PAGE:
Much of the Prevention and Recidivism Committee's work in 2009 has focused on identifying evidence-based programs in the system that effectively reduce recidivism or prevent crime. Using a model developed by the Washington State Institute of Public Policy (Associate Director Steve Aos and others) and the programs identified in Alaska, the UAA Institute for Social and Economic Research (ISER) reported to the legislature that by spending $4 million annually on expanding intervention and prevention programs, the State of Alaska might save $321 million between 2010 and 2030 by incarcerating fewer people and by delaying prison construction costs (The Cost of Crime, ISER, January 2009). The committee is now considering the next steps to take to accomplish its goals. It is also considering other offender issues, including:

  • more effective ways to work with chronic offenders and with Title 47 (brief involuntary commitments for drunkenness) alcohol abusers,
  • pre-trial issues,
  • re-entry resources, and
  • other prevention programs such as school resource officers.

During the past year, the Efficiencies Committee worked on projects that could help reduce delays throughout the system in case management. The committee reviewed reports on electronic exchange of discovery, criminal case disposition times, timeliness and use of presentence reports, grand jury transcripts, and the Anchorage felony case management project. Its current work includes:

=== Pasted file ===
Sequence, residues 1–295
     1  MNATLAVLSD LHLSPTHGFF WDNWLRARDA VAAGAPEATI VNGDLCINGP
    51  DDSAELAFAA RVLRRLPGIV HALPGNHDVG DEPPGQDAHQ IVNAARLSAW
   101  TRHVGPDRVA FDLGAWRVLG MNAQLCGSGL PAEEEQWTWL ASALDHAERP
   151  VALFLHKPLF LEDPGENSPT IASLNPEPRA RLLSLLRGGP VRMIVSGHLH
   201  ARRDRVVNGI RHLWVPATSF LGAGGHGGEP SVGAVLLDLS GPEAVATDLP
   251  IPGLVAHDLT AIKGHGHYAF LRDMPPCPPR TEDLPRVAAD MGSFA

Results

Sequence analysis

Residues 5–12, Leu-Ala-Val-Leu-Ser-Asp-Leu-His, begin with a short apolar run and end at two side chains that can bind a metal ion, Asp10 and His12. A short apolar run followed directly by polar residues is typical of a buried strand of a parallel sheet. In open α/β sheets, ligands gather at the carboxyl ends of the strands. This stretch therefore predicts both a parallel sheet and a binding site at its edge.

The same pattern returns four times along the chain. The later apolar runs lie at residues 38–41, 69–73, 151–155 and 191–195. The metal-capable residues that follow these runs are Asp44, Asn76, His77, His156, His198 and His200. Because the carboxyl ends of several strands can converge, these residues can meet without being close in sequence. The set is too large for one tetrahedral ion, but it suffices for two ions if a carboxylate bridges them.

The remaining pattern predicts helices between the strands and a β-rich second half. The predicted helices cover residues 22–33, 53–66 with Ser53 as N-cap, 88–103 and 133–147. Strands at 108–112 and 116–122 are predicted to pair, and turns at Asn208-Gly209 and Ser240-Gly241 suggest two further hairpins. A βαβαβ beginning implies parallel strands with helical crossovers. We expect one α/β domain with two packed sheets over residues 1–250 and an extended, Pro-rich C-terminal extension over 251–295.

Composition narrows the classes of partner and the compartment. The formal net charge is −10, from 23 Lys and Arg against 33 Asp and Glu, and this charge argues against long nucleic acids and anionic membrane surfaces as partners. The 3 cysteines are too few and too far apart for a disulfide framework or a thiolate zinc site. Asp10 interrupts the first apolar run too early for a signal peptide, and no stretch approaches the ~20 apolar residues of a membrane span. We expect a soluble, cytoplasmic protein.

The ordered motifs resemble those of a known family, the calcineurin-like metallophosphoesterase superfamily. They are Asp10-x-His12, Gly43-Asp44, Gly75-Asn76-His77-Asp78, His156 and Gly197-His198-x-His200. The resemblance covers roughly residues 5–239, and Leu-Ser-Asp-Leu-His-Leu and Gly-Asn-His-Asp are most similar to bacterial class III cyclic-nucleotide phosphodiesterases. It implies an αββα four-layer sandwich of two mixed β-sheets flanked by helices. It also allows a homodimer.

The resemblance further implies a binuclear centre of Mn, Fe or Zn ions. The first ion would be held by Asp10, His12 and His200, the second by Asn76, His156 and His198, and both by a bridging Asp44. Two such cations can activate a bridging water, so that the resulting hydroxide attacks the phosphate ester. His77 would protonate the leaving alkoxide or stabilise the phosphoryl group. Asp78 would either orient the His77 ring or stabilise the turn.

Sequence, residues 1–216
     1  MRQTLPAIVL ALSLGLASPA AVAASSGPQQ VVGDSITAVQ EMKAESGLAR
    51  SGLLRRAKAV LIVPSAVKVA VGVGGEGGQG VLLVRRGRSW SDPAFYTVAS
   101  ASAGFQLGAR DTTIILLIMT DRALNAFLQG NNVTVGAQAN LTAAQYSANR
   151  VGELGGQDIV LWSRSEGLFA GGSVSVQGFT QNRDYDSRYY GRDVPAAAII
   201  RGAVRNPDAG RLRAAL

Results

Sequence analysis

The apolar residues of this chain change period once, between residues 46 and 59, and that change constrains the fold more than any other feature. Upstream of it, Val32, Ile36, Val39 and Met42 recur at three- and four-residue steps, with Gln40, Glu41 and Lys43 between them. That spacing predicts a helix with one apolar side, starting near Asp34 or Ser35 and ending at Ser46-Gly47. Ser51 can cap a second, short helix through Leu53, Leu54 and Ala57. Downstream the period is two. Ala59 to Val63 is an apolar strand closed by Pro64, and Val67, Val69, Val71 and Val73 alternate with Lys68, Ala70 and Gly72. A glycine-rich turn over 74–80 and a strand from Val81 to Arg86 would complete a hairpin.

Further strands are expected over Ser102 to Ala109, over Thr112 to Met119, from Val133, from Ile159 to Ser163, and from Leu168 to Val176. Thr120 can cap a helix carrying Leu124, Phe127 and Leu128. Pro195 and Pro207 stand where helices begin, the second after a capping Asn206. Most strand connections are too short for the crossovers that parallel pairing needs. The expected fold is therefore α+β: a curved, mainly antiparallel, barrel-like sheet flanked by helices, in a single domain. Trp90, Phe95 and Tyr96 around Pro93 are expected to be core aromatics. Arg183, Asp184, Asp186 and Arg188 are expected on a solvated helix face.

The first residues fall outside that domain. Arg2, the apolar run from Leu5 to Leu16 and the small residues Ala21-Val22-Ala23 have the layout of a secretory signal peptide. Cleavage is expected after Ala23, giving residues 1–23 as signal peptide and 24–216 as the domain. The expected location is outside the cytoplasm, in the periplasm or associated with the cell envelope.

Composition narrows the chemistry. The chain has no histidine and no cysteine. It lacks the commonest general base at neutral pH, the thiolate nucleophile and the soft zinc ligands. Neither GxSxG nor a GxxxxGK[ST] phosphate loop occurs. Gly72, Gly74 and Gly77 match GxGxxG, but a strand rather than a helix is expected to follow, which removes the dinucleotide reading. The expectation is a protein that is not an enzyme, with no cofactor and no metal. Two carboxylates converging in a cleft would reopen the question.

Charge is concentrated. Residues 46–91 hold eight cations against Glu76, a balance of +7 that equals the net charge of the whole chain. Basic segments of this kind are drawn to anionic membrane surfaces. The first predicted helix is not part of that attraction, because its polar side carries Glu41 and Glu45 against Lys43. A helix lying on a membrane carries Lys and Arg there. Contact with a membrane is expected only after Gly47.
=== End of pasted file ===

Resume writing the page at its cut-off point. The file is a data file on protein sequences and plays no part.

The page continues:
• design and testing of a shorter presentence report form,
  • revision of court rules related to presentence reports, and
  • development of the technical requirements for a web-based system to allow electronic exchange of discovery.

The Criminal Justice Working Group includes among its accomplishments improvement of access to attorneys for incarcerated defendants, resolution of courthouse security issues, new methods of handling a variety of court procedures that involve several agencies, and increased interagency communication. As agencies continue to interact regularly, they build on these achievements to respond to short and long-term challenges that benefit from cooperative efforts to resolve problems.

Teri Carns is with the Alaska Judicial Council in Anchorage, with responsibility for research projects, report writing, and aspects of judicial selection and retention.